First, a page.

[No. 54, September Term, 1967.]
Decided March 5, 1968. Motion for rehearing filed March 26, 1968; denied April 1, 1968.
SUPPORT OF DEPENDENTS — Principal Considerations In Setting Amount Of Support — Award Of $60 Week Support For Child And $250 Counsel Fee Held To Be Excessive. In making an award for support of a child the principal considerations are the need of the child and the financial circumstances of the father. In the instant case, the lower court had taken a fixed percentage of 25% of the husband's net income as basis of the allowance for the child's support without making any calculation based on the specific needs of the child. The Court held that the use of a percentage of husband's net income was not a proper method to determine the child's needs and that the award of $60 a week support was excessive. The Court, based upon the record, reduced the award for support to $30 a week (or $65 twice a month) for the support of the child. The award to counsel of $250 was held to be excessive and reduced to $100. pp. 147-148
CUSTODY OF INFANTS — Where Parties Agree Upon Provision For Inclusion In Custody Decree Requiring Child To Be Raised As A Jewish Child, It Was Error For Court Not To Include Said Provision In Decree. pp. 148-149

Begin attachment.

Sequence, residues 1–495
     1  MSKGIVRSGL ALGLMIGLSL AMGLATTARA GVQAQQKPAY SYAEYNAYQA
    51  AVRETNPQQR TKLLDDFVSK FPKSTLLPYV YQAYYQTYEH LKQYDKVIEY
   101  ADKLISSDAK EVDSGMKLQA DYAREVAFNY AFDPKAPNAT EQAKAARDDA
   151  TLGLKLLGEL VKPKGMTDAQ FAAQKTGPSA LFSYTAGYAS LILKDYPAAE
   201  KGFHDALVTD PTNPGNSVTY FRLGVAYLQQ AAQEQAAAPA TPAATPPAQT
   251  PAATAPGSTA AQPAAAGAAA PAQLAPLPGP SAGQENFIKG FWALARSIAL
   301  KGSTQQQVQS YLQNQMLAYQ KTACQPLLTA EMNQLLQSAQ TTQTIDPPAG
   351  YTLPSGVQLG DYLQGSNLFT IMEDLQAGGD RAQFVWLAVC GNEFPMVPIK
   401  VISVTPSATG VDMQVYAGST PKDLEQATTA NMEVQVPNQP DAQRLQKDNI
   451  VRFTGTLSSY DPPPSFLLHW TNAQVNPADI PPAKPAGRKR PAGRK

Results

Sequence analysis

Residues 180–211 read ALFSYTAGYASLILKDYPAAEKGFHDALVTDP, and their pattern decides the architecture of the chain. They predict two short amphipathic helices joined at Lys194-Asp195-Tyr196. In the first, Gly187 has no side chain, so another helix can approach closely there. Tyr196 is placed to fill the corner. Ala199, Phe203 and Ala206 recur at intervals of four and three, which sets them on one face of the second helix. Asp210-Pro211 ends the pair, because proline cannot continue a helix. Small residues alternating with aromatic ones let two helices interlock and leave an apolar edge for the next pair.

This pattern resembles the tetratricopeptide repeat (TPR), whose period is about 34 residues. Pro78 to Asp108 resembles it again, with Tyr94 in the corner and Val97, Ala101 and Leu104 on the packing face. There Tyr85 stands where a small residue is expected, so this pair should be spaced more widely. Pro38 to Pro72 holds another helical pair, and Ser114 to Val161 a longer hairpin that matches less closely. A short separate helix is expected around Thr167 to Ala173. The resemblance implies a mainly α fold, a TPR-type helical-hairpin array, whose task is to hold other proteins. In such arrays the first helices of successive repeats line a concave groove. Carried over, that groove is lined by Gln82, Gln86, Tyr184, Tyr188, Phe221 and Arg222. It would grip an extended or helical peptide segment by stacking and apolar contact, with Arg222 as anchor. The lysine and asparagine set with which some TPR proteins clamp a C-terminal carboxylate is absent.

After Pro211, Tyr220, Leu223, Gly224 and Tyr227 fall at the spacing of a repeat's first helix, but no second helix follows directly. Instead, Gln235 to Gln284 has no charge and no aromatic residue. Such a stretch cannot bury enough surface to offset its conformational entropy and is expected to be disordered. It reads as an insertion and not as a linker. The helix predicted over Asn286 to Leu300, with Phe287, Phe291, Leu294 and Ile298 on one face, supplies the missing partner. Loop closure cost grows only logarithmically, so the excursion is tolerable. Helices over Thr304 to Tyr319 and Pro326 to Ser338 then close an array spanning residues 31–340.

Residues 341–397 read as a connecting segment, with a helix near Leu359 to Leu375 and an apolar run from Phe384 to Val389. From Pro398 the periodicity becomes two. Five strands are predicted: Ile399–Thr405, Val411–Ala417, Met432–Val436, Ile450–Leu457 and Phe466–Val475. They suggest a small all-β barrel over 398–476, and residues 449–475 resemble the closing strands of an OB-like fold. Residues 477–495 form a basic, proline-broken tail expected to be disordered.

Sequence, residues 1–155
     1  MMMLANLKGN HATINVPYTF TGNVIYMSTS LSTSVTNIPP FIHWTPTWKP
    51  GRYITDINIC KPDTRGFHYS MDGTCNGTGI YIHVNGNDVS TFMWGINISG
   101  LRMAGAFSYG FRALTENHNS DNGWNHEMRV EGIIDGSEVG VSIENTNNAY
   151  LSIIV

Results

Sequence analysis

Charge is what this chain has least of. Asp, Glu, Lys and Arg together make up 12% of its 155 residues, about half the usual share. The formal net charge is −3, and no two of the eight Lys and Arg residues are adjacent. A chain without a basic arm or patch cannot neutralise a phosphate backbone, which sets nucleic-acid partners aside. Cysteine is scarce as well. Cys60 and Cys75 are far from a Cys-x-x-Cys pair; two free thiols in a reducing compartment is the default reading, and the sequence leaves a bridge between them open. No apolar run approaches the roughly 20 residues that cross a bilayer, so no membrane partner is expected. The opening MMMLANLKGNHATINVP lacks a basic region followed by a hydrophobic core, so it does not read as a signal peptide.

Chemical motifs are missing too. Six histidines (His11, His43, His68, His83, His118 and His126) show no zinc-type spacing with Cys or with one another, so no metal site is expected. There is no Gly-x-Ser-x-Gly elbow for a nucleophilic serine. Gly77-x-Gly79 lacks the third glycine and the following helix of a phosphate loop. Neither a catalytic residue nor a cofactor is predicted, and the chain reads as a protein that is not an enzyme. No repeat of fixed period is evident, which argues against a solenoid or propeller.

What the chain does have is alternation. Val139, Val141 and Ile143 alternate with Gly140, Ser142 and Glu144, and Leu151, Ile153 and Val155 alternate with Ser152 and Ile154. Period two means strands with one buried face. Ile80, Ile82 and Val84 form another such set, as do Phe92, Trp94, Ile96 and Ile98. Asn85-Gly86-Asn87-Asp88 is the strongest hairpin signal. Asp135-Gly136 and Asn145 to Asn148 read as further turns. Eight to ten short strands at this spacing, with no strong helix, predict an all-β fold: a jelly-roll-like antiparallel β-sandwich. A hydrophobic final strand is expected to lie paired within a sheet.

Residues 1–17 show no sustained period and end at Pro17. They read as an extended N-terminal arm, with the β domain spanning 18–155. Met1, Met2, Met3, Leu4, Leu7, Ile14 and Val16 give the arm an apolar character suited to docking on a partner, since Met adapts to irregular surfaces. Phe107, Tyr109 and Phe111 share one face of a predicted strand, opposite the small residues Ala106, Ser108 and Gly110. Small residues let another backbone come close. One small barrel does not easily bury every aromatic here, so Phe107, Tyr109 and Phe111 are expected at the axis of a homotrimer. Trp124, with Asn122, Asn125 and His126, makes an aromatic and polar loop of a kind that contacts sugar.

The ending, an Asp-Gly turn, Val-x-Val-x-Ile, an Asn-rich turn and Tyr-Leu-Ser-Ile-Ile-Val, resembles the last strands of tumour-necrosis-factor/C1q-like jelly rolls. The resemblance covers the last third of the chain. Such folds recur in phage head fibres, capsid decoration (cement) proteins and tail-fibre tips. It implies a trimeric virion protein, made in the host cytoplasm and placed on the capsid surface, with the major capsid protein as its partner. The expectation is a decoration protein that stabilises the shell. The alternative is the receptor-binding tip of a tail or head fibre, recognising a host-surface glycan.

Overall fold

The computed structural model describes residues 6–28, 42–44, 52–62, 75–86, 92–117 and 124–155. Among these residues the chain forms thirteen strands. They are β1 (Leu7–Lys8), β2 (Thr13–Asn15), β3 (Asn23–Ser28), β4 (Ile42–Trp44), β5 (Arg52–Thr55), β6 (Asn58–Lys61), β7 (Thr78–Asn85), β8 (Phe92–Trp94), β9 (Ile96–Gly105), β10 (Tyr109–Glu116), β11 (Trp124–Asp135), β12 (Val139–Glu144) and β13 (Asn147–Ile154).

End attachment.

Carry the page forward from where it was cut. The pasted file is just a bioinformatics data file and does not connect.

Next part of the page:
Decided March 5, 1968.
Motion for rehearing filed March 26, 1968; denied April 1, 1968.
Three appeals in one record from the Circuit Court for Montgomery County (PUGH, J.).
Jerome S. Wagshal, the husband, and Darlein R. Wagshal, his wife, both appeal from a decree awarding the wife custody of their child and setting support payments for the child. The husband also appeals the Chancellor's action in removing from the proposed decree an agreed provision as to the rearing of the child.
Decree modified as set forth in this opinion, and, as modified, affirmed, the costs to be paid by the appellant.
The cause was argued before HAMMOND, C.J., and MARBURY, BARNES, McWILLIAMS and SINGLEY, JJ.
James J. Cromwell for the appellant.
Melvin M. Feldman for the appellee.